Sega Europe president and COO, Mike Hayes, has told GamesIndustry.biz that he believes Metacritic is a useful industry tool that can help to provide "objectivity into the business" - but that it needs to be used sensibly if factored into developer deals.
He was speaking after earlier comments made by Splash Damage studio head Paul Wedgwood, who questioned the wisdom that such pressure applied to some developers to achieve certain Metacritic scores, calling it "ridiculous".
But Hayes points out that for any company spending the amount of money required to bring a top game to market, a metric for judging quality is important.
"The first thing is that we're always trying to put objectivity into the business," he said. "We're a creative business, and how do you put objectivity into it? But at the end of the day publishers will always want to do that, particularly if you're spending USD 20 million - you have to try and find that objectivity, and it's going to come from how much it costs, when it's coming out, and how good the game is.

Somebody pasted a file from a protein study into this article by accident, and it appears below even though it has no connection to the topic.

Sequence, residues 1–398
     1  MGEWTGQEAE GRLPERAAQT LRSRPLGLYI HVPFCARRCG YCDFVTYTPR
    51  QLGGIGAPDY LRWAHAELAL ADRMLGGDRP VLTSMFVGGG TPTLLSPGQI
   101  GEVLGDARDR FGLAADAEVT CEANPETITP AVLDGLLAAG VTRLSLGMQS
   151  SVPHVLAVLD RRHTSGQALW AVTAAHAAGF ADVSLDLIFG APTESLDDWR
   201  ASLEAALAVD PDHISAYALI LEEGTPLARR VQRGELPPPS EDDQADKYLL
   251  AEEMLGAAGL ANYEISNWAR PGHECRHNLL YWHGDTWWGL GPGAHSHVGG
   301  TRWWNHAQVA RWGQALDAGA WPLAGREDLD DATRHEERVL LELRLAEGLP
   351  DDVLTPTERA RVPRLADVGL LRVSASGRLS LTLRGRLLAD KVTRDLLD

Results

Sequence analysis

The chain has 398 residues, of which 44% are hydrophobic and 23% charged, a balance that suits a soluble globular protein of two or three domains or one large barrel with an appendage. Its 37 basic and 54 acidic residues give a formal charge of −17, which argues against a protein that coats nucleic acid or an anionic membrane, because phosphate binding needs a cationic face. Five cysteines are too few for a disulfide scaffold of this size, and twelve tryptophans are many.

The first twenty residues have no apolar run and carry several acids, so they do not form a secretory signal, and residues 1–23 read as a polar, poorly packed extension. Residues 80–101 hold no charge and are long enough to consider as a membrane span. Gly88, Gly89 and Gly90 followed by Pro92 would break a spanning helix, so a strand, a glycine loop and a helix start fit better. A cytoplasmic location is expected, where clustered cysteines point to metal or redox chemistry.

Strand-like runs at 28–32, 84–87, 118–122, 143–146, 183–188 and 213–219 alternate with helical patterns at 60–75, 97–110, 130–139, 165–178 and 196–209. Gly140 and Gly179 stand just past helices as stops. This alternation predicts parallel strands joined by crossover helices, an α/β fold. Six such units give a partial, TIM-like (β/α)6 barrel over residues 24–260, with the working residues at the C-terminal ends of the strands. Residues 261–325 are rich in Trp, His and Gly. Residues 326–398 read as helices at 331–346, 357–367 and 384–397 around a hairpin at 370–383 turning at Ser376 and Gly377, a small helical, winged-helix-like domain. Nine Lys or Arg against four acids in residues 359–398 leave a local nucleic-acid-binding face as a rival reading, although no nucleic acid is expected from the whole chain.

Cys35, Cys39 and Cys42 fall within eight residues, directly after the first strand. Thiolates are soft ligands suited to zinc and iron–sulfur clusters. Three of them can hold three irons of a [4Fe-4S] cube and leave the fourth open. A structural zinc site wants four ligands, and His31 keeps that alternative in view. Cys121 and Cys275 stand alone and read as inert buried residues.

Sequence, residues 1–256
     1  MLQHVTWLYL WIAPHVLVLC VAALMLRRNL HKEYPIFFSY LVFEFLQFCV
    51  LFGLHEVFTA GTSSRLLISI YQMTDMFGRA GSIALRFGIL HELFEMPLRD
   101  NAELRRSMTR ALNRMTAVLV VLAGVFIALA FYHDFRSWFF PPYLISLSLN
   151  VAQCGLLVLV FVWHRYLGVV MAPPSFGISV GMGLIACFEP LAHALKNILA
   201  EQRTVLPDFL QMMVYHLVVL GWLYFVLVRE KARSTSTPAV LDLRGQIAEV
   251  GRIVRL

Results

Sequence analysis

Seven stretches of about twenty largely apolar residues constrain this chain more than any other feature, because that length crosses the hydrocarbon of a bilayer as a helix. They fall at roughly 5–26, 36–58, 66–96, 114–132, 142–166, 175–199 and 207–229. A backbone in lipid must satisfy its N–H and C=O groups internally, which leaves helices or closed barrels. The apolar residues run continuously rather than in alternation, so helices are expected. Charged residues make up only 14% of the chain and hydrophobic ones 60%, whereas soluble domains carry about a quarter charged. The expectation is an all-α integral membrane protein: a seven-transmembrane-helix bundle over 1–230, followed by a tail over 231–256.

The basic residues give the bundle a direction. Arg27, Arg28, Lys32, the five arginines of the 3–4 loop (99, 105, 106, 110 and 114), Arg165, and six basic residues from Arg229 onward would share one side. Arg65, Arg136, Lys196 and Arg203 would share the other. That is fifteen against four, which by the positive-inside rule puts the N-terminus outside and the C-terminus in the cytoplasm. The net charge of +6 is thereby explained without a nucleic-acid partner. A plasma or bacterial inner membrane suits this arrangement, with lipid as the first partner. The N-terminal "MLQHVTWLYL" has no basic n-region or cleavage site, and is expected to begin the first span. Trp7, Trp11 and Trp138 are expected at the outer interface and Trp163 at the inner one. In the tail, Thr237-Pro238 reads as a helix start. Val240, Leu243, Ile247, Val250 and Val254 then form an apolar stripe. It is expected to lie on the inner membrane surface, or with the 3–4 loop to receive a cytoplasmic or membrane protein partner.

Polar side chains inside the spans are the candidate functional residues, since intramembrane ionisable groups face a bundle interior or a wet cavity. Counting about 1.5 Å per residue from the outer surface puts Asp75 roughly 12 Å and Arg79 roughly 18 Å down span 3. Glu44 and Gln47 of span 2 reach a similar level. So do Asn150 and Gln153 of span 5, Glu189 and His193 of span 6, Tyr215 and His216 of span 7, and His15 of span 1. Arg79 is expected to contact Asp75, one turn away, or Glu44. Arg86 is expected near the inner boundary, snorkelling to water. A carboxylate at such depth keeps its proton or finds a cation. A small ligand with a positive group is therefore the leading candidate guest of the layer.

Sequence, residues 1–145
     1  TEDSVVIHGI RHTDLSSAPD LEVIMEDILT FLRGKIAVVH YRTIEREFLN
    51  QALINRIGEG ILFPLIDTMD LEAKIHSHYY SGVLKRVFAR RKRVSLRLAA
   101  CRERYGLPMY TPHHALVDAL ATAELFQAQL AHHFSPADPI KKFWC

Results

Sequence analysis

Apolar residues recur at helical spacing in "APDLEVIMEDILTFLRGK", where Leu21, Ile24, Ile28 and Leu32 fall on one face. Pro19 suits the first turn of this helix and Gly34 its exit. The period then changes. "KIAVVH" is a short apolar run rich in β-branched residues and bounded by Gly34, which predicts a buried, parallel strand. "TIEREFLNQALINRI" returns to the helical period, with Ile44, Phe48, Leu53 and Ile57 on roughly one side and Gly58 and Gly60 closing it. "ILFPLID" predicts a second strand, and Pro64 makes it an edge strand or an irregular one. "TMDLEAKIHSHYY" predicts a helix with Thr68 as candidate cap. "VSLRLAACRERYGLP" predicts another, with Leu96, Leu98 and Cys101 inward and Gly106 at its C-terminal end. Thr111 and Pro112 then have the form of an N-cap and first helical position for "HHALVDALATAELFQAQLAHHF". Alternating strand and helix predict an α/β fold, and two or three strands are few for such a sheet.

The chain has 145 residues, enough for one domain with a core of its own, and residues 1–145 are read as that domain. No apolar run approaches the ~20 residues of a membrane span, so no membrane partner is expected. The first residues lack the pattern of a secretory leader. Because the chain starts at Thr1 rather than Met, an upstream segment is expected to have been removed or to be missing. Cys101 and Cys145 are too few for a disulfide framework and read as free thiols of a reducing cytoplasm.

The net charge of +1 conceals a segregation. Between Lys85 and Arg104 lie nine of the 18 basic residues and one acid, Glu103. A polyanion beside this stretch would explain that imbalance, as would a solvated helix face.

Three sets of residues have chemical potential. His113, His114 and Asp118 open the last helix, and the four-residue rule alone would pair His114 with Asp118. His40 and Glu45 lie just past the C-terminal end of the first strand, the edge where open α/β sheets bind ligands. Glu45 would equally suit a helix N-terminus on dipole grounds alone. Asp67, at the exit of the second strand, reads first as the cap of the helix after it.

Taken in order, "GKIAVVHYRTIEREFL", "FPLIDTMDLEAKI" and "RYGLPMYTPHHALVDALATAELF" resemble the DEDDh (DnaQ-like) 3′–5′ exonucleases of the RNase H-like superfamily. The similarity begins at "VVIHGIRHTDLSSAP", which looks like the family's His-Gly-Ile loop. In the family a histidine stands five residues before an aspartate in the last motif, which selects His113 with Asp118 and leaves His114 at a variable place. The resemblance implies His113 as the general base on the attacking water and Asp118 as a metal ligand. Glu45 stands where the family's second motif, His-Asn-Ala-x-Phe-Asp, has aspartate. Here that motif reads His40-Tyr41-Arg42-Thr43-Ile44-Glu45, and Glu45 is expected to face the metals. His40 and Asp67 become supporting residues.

"I don't think you can get away from that, and Metacritic provides a service that gives you a part of that."
But he noted that it wasn't a tool that could be applied in blanket-fashion across the board.
"It's horses for courses. If you're going for a high-end PlayStation 3 or Xbox 360 game and you want to break out in the genre, or something like that, you have to target that quality - because otherwise you don't have a hope in Hell. There's too much evidence that shows games which score below a certain level in certain genres are not going to cut through.
"However, there are other genres and other platforms where we wouldn't put a developer against that score, because it's more about the brand, the license, the release timing - it's probably something that in the Metacritic basket of reviews, they're not going to look at the same things that we're going to look for when making a game.
"So when we're doing developer contracts, we won't say to every developer we work with that there's a target in there. But where we're spending a lot of money, and the score is essential to the success of the product, absolutely I think there's a value in it.
"We value the scores that we're given by the media - it's a very good way of measuring it - and I don't think it's unreasonable for publishers spending that much money to have certain expectations of quality levels. But to demand it on absolutely everything wouldn't be right at all."
The concluding part of the interview with Mike Hayes, from which these quotes are taken, will be available on Monday. The first part of that interview, in which he discusses at length the challenges faced by the industry in the current economic climate, is available now.